The digital workplace is only one part of the picture, but it’s an important one. Keeping employees connected through always-on mobile access has become essential. People expect 24×7 email/text responses, on-the-go order entry, and/or payment confirmation. The digital workplace is about an employee’s ability to do their job by collaborating, communicating and connecting with others.

Now there is a new wrinkle: collaboration between humans and machines. Many artificial intelligence (AI) systems are not fully autonomous, and they require considerable input and adjustment from humans. To succeed, leaders must reimagine how work gets done in this new paradigm. Each organization will require a different toolbox, depending on how work gets done today and how it could be done in the future. 

Constant Learning Leads to Innovation

Success can happen when collaboration, communication and applications are integrated. Furthermore, continuous learning programs are tightly connected to customer and workgroup needs.

80% of organizations are fully prepared to innovate, according to our recent survey.

Intense Competition and Constant Disruption

Workers are faced with having to know a new, highly complex skill in a matter of minutes. But more than ever it seems as though there’s a new mentality: “Don’t know how to do it? Ask somebody. Figure it out fast and do it perfectly or I will find someone else who can.”

Equipping the Workforce

To succeed, companies are looking at employees’ daily work journeys and making learning a part of everyday workflows. Asking employees to find what they need on the corporate intranet is counterintuitive. With tools like Google, YouTube and Microsoft Teams, people learn through experience rather than simply looking for answers.

In our survey, we asked employers about the hardest skills to master and find. Here are the results:

Hardest skills to master:

  • More than half said data interpretation
  • Job-applied creativity

Hardest skills to find:

  • People management
  • Sales leadership

The Advent of New Learning Models

Micro-learning involves reading, viewing or consuming information in 10 minutes or less. Examples include videos, blogs, or a set of instructional questions that help us understand a subject better than we did before. As consumers, we seek out this kind of material every day—following people we want to learn from on social media, for instance. Twitter is a prime example of micro-learning.

Macro-learning involves learning a whole new domain. Google Academy is a great example of macro-learning because it offers specific learning in various subjects such as digital marketing and analytics. The content may be a series of small videos or an instructor-led program that includes simulations, group discussions and exercises. These courses are generally not as comprehensive as a full online course, and the content is snackable but designed for specific skills.

Learning in Today’s Workaday World

When starting a new job, we need macro-learning in order to understand the job, the people and the systems. As we continue in our jobs, we all need continuous injections of new skills, information and human connections to proceed—at least until we become an expert. 

Today’s learning environment requires us to think about journeys for every role, how roles interconnect, and the required cross-functional training. With the introduction of AI, employees will determine what tactical or task-oriented parts of their job could be automated or augmented so they can focus on higher-value work. As hierarchies collapse and cross-functional teams assemble and disassemble, leaders become co-creators and collaborators with their teams, rather than just performing oversight.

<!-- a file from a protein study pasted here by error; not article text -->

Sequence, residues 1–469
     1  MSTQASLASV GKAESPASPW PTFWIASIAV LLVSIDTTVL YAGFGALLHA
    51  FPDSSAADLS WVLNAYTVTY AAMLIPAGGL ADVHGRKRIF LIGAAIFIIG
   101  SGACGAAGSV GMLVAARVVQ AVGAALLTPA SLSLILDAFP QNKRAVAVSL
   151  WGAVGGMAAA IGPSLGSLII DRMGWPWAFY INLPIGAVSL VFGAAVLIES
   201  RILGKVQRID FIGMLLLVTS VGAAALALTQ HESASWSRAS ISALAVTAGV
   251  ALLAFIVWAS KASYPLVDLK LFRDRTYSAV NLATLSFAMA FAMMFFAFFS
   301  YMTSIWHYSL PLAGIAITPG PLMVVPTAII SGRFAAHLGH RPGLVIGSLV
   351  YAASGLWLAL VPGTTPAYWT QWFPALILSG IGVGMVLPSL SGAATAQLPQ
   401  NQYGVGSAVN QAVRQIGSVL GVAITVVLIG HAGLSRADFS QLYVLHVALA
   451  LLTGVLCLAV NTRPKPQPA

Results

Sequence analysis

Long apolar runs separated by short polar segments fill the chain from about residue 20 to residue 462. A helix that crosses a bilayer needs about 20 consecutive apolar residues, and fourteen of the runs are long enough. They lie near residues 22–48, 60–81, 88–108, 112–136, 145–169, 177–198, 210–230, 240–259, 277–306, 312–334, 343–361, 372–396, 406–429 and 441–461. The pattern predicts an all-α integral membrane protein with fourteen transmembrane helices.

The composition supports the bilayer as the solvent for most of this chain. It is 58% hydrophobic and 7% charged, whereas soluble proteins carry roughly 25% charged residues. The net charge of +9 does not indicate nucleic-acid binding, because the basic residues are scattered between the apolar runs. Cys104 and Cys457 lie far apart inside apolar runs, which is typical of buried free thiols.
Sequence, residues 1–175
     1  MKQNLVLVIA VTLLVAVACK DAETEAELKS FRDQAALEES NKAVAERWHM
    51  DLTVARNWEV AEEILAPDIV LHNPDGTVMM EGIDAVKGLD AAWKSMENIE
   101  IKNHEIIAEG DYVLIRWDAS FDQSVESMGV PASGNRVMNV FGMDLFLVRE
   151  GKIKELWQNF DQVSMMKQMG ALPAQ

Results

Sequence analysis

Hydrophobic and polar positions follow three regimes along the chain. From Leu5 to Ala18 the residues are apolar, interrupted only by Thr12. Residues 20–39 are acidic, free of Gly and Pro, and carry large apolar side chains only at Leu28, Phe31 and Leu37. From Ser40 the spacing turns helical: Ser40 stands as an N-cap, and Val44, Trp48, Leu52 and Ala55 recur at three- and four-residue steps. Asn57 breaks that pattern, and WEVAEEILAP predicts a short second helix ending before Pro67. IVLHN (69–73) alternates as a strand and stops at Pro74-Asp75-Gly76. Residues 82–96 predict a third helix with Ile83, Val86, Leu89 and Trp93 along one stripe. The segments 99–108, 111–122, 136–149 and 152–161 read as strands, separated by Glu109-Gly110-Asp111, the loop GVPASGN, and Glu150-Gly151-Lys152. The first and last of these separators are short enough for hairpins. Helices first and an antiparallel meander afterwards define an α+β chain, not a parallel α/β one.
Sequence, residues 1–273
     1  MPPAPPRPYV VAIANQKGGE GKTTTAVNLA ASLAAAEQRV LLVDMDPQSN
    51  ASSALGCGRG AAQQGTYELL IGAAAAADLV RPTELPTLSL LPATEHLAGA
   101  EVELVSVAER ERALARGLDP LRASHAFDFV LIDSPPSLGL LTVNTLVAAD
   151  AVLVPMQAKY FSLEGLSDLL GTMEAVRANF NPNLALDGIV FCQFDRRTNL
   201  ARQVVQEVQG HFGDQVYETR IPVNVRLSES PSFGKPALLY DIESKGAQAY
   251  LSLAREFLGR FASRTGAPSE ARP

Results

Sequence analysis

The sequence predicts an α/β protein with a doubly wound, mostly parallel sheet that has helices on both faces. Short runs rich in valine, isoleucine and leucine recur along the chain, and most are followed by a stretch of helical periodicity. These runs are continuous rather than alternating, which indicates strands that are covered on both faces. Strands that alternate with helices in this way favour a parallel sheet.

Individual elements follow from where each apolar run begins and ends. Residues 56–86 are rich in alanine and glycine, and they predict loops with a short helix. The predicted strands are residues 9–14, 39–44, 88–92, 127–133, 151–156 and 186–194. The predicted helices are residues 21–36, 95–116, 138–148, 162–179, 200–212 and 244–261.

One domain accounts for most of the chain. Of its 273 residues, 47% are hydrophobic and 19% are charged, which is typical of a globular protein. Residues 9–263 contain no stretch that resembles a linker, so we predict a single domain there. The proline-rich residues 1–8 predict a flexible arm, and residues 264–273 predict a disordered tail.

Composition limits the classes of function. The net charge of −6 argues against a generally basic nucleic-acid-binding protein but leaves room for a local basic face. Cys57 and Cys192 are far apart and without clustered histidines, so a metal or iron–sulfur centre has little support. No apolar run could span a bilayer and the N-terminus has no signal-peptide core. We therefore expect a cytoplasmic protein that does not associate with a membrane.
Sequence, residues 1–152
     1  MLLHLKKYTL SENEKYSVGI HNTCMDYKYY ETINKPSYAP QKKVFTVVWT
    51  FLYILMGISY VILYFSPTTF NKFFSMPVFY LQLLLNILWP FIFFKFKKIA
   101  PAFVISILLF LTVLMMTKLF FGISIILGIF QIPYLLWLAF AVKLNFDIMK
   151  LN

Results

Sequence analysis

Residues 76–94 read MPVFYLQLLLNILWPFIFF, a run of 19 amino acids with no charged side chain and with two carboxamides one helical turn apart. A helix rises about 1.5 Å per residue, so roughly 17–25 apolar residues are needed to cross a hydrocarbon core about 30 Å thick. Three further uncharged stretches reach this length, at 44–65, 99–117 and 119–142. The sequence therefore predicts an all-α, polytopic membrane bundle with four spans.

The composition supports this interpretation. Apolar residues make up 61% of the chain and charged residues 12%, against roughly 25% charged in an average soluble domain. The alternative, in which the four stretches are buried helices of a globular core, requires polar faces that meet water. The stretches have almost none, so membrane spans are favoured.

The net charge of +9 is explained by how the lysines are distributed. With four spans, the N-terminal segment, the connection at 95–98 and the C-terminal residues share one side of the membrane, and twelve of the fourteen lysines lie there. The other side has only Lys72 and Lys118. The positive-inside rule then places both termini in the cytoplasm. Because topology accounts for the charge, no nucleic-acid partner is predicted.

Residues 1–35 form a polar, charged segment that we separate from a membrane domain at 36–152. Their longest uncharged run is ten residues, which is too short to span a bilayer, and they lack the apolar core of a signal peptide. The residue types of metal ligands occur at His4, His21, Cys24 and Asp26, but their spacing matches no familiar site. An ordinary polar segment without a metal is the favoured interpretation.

Their evolving roles can be narrowed down to four roles that reflect today’s need for more insight-driven, multi-skilled collaboration:


Driving Measurable Business Value

Building communities of interest and innovation is key to successful culture transformation. The digital workplace promises to empower employees if the solution is customer-focused and culture-connected. Ultimately, the solution should create communities of interest that drive collaboration, innovation and business value.

Having rich, collaborative working sessions across multiple departments requires planning and participation. Without proper planning, training, participation and support, digital workplaces may not be adopted or used as expected.

If companies expect the benefits of faster speed-to-market and higher levels of productivity, they must couple enterprisewide unified communications with the support and learning people need. When people understand how these platforms are intended to work and they experience their benefits, communities of interest will naturally spring up, and practice will drive a culture of innovation.

In our survey, we also asked employers to identify their business value outcomes. More than half agreed that reduced travel, enhanced innovation and improved customer experiences are important to their business’ evolution. That was followed by 40 percent who say that accelerating time-to-market is imperative.

A Good First Move

Every company’s survival depends on its ability to throw away old habits and cultivate new ones. This means understanding the current digital place and developing a workplace strategy.

The following steps can help you gain that understanding:

  1. Assess your current-state maturity
  2. Develop your digital workplace strategy
  3. Select your tools and technologies
  4. Execute change management
  5. Measure for success

Sirius and FiveOut help companies develop digital workplace strategies that drive digital dexterity by creating engaging and transformative experiences that improve productivity, collaboration and communication for their employees, partners and customers.